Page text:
“We actually started designing and testing things in the garage of my old house in Ohio,” he added, explaining that they constructed a makeshift wind tunnel powered by a rented compressor to test various designs for airframes and propulsion systems.

In 2017, he relocated to Edmonds, primarily to take advantage of the abundance of expertise in computer science and aeronautics that this area offers, but also to be closer to family.

No longer wanting to work out of a garage, he found space in a ground floor office in the 144 Railroad Avenue building, which became Jetoptera’s world headquarters. But the space was a bit cramped for the various equipment, prototypes and working models, so earlier this year Jetoptera moved upstairs to their current space. The large corner location overlooking the beach and ferry terminal is where Evulet and his four permanent employees develop and refine what they hope will be the future of aviation.

The J220 prototype and informational displays in the lobby of Jetoptera’s Edmonds headquarters.

Visitors to the office enter a lobby space dominated by two scaled-down working models of what Jetoptera hopes will lead to everything from air taxis to personal transportation to delivery vehicles (think Amazon, FedEx and others) and more.

“These working models allow us to test our airframe and propulsion system designs,” Evulet said. “Fully loaded, they weigh less than 55 lbs. – we need to keep them light to conform with FAA regulations for test models. Regulations also limit how fast and high we can fly them – we have to stay under 100 mph and below 400 feet – but they’re capable of going much faster — 200-plus mph. We hope by 2026 to have several prototypes that can carry people.”

The propulsion system and airframe were both invented in-house, but on separate paths.

“Overcoming gravity is the big problem, and we first needed to understand the aerodynamics and figure out how much thrust and lift we’d need,” Evulet said. “We design the airframe and propulsion system separately, and then bring them together at the end.”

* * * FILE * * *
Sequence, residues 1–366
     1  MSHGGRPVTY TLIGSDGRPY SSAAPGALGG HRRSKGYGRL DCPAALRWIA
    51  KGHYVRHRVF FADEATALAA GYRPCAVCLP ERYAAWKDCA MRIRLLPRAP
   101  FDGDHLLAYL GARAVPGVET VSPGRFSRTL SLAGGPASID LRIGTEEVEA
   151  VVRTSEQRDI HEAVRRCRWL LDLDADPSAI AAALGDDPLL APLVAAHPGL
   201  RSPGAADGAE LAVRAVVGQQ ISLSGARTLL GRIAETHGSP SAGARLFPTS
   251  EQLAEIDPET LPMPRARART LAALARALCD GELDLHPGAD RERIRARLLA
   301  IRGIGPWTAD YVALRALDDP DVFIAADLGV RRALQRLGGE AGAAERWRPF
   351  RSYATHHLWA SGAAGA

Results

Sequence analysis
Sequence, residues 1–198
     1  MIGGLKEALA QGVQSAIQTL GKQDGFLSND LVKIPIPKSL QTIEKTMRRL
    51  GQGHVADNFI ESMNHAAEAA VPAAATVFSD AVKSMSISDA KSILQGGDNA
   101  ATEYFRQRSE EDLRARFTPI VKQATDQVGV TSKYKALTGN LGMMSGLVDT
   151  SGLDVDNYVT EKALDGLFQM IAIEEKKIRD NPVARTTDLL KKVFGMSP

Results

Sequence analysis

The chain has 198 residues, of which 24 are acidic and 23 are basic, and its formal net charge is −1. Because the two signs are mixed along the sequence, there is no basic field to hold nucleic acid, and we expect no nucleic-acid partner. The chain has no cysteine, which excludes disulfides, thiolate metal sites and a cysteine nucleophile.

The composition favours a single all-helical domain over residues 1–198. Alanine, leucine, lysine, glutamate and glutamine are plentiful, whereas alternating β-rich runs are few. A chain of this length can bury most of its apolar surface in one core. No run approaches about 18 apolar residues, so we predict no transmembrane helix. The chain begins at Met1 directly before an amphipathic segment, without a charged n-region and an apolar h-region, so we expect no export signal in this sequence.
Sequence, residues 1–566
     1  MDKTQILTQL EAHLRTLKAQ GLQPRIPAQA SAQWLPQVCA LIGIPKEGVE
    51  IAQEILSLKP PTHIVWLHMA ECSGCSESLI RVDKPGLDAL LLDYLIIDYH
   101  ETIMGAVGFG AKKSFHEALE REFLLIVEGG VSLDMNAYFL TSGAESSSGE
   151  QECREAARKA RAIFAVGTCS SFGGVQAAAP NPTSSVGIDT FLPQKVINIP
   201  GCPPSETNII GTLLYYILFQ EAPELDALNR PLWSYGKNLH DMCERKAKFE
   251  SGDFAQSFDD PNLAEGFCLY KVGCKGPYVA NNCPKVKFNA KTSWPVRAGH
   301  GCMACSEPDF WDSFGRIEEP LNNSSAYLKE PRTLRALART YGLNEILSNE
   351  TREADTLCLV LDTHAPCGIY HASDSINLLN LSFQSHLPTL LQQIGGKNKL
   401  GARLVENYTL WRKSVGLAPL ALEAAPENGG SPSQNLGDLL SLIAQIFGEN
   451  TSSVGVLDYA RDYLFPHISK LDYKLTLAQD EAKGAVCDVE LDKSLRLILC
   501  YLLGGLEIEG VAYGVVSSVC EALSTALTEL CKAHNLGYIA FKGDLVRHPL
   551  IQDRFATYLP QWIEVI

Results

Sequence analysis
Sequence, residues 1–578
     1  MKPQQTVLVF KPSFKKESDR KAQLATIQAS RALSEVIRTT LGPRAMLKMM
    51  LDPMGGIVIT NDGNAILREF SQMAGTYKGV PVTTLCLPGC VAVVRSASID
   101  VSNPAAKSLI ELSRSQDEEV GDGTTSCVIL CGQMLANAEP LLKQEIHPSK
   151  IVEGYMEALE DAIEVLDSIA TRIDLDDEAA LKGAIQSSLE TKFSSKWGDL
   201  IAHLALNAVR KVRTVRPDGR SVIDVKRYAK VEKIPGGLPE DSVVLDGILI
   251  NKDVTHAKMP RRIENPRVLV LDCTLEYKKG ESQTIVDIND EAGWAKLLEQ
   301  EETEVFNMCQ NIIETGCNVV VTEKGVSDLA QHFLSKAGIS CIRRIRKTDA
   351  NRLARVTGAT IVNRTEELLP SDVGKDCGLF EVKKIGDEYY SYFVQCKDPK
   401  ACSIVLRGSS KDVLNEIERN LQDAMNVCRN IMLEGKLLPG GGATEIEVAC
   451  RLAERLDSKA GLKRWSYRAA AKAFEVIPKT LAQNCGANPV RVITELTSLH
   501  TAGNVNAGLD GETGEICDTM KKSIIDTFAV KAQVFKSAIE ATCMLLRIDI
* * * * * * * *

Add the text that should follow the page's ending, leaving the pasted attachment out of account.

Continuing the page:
Jetoptera’s thrusters are patented, but work on the same principle as bladeless fans. A small current of moving air takes advantage of the “multiplier effect,” where more air will be drawn in to follow the initial stream.

“This means we get three times more thrust than our forced-air system puts in,” Evulet explained. “And with no rotating fans inside, there’s no ‘gyroscope effect,’ which means we can effortlessly tilt the thrusters in flight to switch from providing vertical thrust to horizontal or any angle in between.

“Another advantage,” he continued, “is that without spinning parts the housing doesn’t have to be round — we can make it any shape we want. By using an oblong shape we can mount it in front of the wing and tilt it to direct the air over most of the length of the wing itself, thereby providing additional aerodynamic lift.”

One huge advantage to Jetoptera’s system is sound – or rather the lack of it.

“Compared with a traditional propeller-driven device, ours are much quieter,” he added. “This is in part because our compressors give off a higher-frequency sound that tends to be absorbed in the atmosphere (helicopters by contrast give off a lower frequency thwack-thwack-thwack that can be heard over longer distances). This means we are capable of meeting noise regulations even in local neighborhoods, and even at times of day when ‘quiet hours’ are enforced. This would allow a deliverer such as Amazon to make deliveries by air more hours per day.”

Jetoptera Board Chair Denis Dancanet (left) and CEO/CTO Andrei Evulet prepare to test their fluidic turbo propulsion design in the University of Washington wind tunnel. (Photo courtesy Andrei Evulet)

With the airframe and propulsion system in place, the one big question remains — how to power the compressors that drive their patented fluid propulsion system, which provides the thrust.